Remember Maniac Mansion? Thimbleweed Park sure does. Its whole visual aesthetic is a modern (yet still pixellated) update of the classic’s big-headed art style. What about The Secret of Monkey Island? Thimbleweed Park will make sure you never forget it. It makes a subtle or not-so-subtle reference made to it almost every five minutes. It borders on excessive, really. Hey, remember Deathspank? Okay, Thimbleweed Park, unfortunately, doesn’t recall that one. Which is too bad, that’s an XBLA classic.
In case you didn’t know, all the games I mentioned above were developed by the legendary Ron Gilbert. His newest game, the aforementioned Thimbleweed Park, is built upon his years of experience making point-and-click adventures. Taking place in 1987 (the year Maniac Mansion was released), the game puts you in control of agents Ray and Reyes, and multiple other characters, the day after a mysterious murder. Their investigation is underway to find out just what happened the night before, but there’s a lot more to the sleepy town of Thimbleweed Park than meets the eye.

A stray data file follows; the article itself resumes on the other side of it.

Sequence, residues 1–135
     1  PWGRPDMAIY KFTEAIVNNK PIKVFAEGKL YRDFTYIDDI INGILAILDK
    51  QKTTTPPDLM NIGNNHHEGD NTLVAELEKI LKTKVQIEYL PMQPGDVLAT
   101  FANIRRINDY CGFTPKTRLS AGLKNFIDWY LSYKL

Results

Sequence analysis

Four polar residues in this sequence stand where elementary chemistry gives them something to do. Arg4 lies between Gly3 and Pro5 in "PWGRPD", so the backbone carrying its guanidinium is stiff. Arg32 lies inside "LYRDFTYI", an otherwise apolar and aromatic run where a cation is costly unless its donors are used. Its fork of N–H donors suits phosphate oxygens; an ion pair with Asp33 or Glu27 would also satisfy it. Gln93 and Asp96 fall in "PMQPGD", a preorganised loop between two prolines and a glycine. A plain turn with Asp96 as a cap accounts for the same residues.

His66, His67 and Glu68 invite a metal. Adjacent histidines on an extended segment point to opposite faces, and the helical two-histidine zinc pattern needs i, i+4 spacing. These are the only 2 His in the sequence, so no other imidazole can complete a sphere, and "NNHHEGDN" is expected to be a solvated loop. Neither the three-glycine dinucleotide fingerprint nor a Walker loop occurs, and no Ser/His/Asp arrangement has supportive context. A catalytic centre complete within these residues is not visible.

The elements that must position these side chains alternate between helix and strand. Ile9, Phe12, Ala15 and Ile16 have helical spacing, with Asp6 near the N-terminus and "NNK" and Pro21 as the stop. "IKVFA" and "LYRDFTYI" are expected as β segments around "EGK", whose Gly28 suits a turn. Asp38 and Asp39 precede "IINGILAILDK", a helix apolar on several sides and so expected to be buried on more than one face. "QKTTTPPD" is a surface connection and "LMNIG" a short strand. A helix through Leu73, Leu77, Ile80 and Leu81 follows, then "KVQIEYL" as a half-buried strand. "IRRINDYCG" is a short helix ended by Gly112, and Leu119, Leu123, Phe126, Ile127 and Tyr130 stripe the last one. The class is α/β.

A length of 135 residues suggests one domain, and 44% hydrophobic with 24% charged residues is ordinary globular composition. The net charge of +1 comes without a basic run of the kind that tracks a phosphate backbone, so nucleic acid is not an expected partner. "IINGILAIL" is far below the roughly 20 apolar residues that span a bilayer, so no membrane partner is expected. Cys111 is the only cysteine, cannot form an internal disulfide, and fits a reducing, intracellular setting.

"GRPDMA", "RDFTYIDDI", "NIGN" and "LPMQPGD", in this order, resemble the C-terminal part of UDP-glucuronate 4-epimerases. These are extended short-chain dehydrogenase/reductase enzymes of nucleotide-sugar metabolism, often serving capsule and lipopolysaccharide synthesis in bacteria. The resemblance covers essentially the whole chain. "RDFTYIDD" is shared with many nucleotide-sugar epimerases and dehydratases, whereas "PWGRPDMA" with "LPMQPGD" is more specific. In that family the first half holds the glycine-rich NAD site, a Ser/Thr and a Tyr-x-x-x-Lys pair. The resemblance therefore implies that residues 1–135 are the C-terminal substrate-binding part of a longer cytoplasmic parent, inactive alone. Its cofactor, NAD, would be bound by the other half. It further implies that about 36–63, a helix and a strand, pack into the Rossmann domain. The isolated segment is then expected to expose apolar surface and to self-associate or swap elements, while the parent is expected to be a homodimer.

Here’s what I liked:
Back in my day – If you’ve ever played a LucasArts game, you know exactly how this plays. Pick a verb from the bottom of the screen, pick something from the world or your inventory, then listen to the resulting snarky dialogue. It’s old-school gameplay at it’s finest. Puzzle design is fantastic; every solution is simple and logical, leaving nothing to require random guesses and dumb luck. Of course, logical doesn’t mean easy; there were moments where I did get stuck, but those moments never lasted too long. In fact, the biggest challenge to overcome is the game’s scope. With a whole small town to explore, there’s a lot to keep track of and plenty of details that can go unnoticed. Luckily, the game starts with a single area then progressively grows bigger as you play, allowing you to naturally explore the areas you have access to before the game throws more at you. The world is sizable yet packed with detail, filled with an endless amount of interesting stuff to poke and prod at. While it’s easy to get distracted, the game does have its ways of funneling you in the right direction, be it the clever ways the story moves forward or just the fact every character has a handy to-do list.